St Helens Star:

"As such, JCVI does not advise further prioritisation by occupation during the first phase of the programme.

"Occupational prioritisation could form part of a second phase of the programme, which would include healthy individuals from 16 years of age up to 50 years of age, subject to consideration of the latest data on vaccine safety and effectiveness."

I think I should be on the vulnerable list due to my health condition but I’ve not had a letter asking me to shield and didn’t get one last time. What should I do?

The government in their announcement on January 4, have reinstated shielding for those who are Clinically Extremely Vulnerable. GPs have collated lists of patients in each practice that are known to them as Clinically Extremely Vulnerable (CEV). If you think that you should be on this list, you will need to contact your GP in the first instance to query if you should be listed as CEV.

Why are healthcare workers amongst the first groups to receive the vaccine?

The CCG says: "JCVI have put patient-facing health and social care staff into a priority group because of their heightened risk of exposure to the virus. Healthcare workers are not the top priority though and with limited vaccine, employers are being asked to offer the vaccine to the most at risk healthcare workers first.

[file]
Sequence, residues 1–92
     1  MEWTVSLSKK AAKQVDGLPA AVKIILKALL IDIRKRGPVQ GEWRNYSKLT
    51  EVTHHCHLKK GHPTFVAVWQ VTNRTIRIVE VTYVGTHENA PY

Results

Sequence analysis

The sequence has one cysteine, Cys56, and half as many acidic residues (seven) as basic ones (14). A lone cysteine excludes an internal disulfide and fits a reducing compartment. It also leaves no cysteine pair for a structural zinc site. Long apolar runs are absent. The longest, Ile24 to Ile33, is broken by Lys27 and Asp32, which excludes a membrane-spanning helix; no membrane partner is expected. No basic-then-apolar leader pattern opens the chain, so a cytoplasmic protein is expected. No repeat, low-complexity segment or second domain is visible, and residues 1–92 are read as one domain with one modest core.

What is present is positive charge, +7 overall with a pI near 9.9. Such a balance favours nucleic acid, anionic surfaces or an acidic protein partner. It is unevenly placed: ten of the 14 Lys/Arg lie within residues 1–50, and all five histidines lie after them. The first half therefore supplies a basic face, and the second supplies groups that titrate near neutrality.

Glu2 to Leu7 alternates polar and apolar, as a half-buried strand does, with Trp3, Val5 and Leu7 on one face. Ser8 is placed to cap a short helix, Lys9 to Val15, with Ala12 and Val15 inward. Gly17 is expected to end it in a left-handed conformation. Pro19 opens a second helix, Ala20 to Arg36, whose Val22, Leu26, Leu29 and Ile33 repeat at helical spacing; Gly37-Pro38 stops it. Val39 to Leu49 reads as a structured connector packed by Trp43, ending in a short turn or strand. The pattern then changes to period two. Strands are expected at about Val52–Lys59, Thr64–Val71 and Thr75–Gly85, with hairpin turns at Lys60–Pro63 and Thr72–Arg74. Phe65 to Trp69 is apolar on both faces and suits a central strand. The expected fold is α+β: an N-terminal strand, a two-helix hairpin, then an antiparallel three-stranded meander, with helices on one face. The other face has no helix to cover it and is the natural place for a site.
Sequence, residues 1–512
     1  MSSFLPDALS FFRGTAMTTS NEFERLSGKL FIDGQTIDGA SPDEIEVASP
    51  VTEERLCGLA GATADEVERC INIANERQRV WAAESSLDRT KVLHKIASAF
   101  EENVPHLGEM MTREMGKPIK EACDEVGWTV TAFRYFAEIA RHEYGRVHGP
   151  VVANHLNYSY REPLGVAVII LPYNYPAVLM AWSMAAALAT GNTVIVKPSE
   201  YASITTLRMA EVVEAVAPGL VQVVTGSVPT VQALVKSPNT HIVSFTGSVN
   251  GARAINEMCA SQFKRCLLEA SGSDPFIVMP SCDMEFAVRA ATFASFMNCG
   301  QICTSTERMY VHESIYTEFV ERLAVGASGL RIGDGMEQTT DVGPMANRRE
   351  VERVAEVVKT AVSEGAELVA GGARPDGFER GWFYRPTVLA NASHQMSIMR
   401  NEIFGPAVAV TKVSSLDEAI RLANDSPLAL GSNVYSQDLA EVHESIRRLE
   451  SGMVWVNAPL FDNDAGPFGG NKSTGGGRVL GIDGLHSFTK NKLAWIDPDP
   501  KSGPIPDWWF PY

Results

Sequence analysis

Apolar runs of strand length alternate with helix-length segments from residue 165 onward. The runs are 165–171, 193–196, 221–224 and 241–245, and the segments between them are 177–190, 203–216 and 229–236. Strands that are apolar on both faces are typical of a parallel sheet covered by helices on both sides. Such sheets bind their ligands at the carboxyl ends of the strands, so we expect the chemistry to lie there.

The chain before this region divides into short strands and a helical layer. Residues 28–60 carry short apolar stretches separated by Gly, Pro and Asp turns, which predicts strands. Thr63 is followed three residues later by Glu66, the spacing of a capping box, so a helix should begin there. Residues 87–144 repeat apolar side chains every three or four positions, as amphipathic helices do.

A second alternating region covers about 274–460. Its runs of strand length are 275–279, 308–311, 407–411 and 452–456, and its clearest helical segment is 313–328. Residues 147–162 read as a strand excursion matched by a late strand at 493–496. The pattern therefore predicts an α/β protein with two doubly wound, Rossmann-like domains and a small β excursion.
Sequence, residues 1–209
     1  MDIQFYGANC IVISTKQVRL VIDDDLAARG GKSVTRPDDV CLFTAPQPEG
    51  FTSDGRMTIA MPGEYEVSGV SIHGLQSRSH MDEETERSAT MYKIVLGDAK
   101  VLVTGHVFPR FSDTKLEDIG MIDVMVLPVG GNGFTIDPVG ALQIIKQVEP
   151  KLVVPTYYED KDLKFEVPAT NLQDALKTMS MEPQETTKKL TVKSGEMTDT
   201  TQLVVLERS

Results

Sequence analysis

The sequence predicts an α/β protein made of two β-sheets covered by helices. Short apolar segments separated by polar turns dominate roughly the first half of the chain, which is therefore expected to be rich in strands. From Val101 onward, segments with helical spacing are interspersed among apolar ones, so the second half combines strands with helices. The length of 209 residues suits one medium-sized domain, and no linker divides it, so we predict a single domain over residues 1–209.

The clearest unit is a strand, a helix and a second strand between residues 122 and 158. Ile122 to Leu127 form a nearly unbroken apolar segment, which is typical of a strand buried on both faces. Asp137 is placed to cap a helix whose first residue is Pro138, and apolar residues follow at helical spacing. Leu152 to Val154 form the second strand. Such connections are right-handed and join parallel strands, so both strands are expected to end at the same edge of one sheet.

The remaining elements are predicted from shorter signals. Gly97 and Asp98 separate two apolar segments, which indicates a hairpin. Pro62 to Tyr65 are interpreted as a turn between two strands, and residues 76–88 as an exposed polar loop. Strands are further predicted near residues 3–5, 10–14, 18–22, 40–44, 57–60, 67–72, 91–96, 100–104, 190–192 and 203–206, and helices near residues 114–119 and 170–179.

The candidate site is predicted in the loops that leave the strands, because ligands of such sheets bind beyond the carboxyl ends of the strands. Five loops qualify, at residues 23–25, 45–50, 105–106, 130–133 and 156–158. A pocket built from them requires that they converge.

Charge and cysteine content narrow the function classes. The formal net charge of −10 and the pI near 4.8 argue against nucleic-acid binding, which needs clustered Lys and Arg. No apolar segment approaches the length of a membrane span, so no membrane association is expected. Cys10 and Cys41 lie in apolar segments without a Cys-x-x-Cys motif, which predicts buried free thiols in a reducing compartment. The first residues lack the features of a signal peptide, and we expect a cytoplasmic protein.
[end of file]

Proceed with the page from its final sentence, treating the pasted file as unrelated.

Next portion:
"The NHS is experienced in vaccinating hundreds of thousands of staff quickly and safely – we do it every year for the flu vaccine – and all local NHS employers will be responsible for ensuring that 100% of eligible staff have the opportunity to take it up over the coming weeks and months."

How long does the vaccine take to become effective?

The Covid-19 vaccination will reduce the chance of your suffering from Covid-19 disease, says the CCG. You may not be protected until at least seven days after your second dose of the vaccine.

Is the vaccine vegan/vegetarian friendly?

The CCG states: "Yes, the vaccines do not contain any meat derivatives or porcine products.

"If, and when, further vaccines are approved we will publish information about known allergens or ingredients that are important for certain faiths, cultures and beliefs."

Who cannot have the vaccine?

People with a history of significant allergic reactions to medicines, food or vaccine should not have the vaccine at this time, says the CCG.

It adds: "The COVID-19 vaccination is not recommended for women who are pregnant.

"People who are suffering from a fever-type illness should also postpone having the vaccine until they have recovered."

How effective is the Covid-19 vaccine?

THE CCG says: "This is all included in the information published by the MHRA, and Public Health England will also be publishing more resources for patients and professionals. People can be assured the NHS will ensure that they have all the necessary information on those vaccines that are approved by the MHRA before they attend for their vaccination."